- Miami Masters
New Roger a lot like the oldMarch 26, 2014
He first came to Miami as a 14-year-old, part of a Swedish junior contingent that stayed for a month.
His last event as a junior was the 18-and-under Orange Bowl in 1998, when he beat future professionals Jurgen Melzer, David Nalbandian and Guillermo Coria on the way to the championship. In 1999, playing for the first time here as a pro, the wild card was ushered from the Miami tournament in the first round.
"Used to stay at South Beach when I was younger," Federer said a few days ago. "Enjoyed that atmosphere. I have moved away from there since."
Now, of course, he's beyond all that swirling vortex of party. Federer is the father of four-year-old twins and, at the age of 32, a 17-time grand slam champion.
"It's always enjoyable coming back," said Federer.
Last year, in an effort to streamline his schedule, Federer passed on Miami after 14 straight visits.
On Tuesday, a bruising day of rain and wind, he was back, scalding No.9 seed Richard Gasquet 6-1 6-2 in less than 50 minutes. Federer saved the only break point he faced and broke Gasquet five of six times.
"Today was the first time I felt good going into a match," Federer said, later citing his previous awkward opponents, Ivo Karlovic and qualifier Thiemo De Bakker. "Things went well. Pretty straight forward, really.
"I definitely think I'm playing really good tennis right now, which is encouraging."
Unless, of course, you are Kei Nishikori, who will meet Federer in Wednesday's quarter-finals. They have split two previous matches but are frequent practice partners. Federer said Nishikori's three-set win over David Ferrer caught the attention of his fellow professionals.
"Everybody watched in the locker room and the player restaurant," Federer said. "It was one of those thrilling ends to matches, into the tiebreaker with [four] match points saved. It had the whole drama.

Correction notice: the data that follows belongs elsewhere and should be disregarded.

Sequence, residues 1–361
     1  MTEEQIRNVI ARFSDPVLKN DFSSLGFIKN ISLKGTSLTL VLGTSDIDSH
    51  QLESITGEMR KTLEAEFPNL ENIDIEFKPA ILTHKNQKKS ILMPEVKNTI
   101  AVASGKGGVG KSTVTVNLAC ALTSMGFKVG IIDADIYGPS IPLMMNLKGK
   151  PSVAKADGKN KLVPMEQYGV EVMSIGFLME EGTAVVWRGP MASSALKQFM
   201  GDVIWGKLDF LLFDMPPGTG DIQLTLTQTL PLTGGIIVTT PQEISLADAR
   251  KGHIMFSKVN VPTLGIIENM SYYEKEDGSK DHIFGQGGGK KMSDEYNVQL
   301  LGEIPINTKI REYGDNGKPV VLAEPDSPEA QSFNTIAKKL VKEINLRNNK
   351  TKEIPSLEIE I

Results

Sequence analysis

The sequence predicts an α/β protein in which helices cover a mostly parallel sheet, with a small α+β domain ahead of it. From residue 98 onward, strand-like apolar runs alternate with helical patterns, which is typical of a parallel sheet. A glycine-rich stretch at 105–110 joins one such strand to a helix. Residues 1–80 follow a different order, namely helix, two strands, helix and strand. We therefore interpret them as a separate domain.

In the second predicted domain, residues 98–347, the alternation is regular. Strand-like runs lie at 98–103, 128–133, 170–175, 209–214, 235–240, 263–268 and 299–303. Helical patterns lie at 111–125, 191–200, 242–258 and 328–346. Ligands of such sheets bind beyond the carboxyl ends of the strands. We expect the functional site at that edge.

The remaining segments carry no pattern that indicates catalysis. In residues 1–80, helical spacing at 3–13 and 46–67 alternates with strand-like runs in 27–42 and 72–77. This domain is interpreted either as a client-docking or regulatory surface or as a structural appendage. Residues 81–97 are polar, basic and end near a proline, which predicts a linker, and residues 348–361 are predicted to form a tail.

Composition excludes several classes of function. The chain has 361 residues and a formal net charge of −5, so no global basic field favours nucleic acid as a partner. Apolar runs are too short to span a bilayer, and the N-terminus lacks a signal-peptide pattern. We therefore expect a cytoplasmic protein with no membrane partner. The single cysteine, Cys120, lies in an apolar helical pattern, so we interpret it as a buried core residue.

"Clearly, it's an advantage at this point now that I had a quick match today and he had a really brutal [three-hour] match against Ferrer. Can I take advantage of it? Can he recover quickly? We will see tomorrow."
Coming into Day Seven, guess which ATP player had the most victories for the season: It was Federer, with a robust record of 21-3.
Djokovic knows this as well as anyone. He lost to Federer in the semi-finals at Dubai and then needed a third-set tiebreaker to take the title at Indian Wells.
"He's playing in a high level this year," Djokovic said here last week. "He's back to his normal level, the level that he had for seven, eight years while he was so dominant in men's tennis. Obviously, last season he was not as good, for his standards."
Federer won Wimbledon in 2012, his most recent major, but last year he began to show his age. He lost in the second round at Wimbledon, where he is a seven-time champion, and fell in the fourth round at the US Open. The last time he had two grand slam results like that was a decade earlier.
The only title he won in 2013 was the modest, little event on grass in Halle, Germany. At times, he looked uncomfortable on the court and, subsequently, he explained why: His back, which has been a growing issue in recent years, restricted his movement significantly.
This year, he says he's healthy again and has two new components in his game: Stefan Edberg as his coach and a slightly larger Wilson racquet. Edberg, a six-time grand slam champion, has Federer thinking more aggressively; he seems to be coming to the net more often. The racquet has given him a little more pop, particularly on his one-handed backhand - the side that Nadal and Djokovic have exploited in recent years.
He started quickly, reaching the final at Brisbane before losing to No.60-ranked Lleyton Hewitt and going out in straight sets to Nadal in the semi-finals at the Australian Open. But a fourth-round win over Jo-Wilfried Tsonga in Melbourne, followed by a quarter-finals success over Andy Murray was encouraging. After helping Switzerland to a Davis Cup win over Serbia, Federer ran the table in Dubai - beating Djokovic and Tomas Berdych in the process.
"This year, he started strong," Djokovic said. "I can feel that he's striking the ball very cleanly. He's very confident on the court, and he has improved his backhand. Maybe it's the racquet or something else, but he definitely has more depth on that shot. He's going more for his top spins, rather than slicing it. With his immense experience and success that he had in his career, he's never to be ruled out.
"Doesn't matter how old he is. It's just a number. As he was saying, he feels good on the court. He's definitely one of the best players in the world now."
This article originally appeared on ESPN.com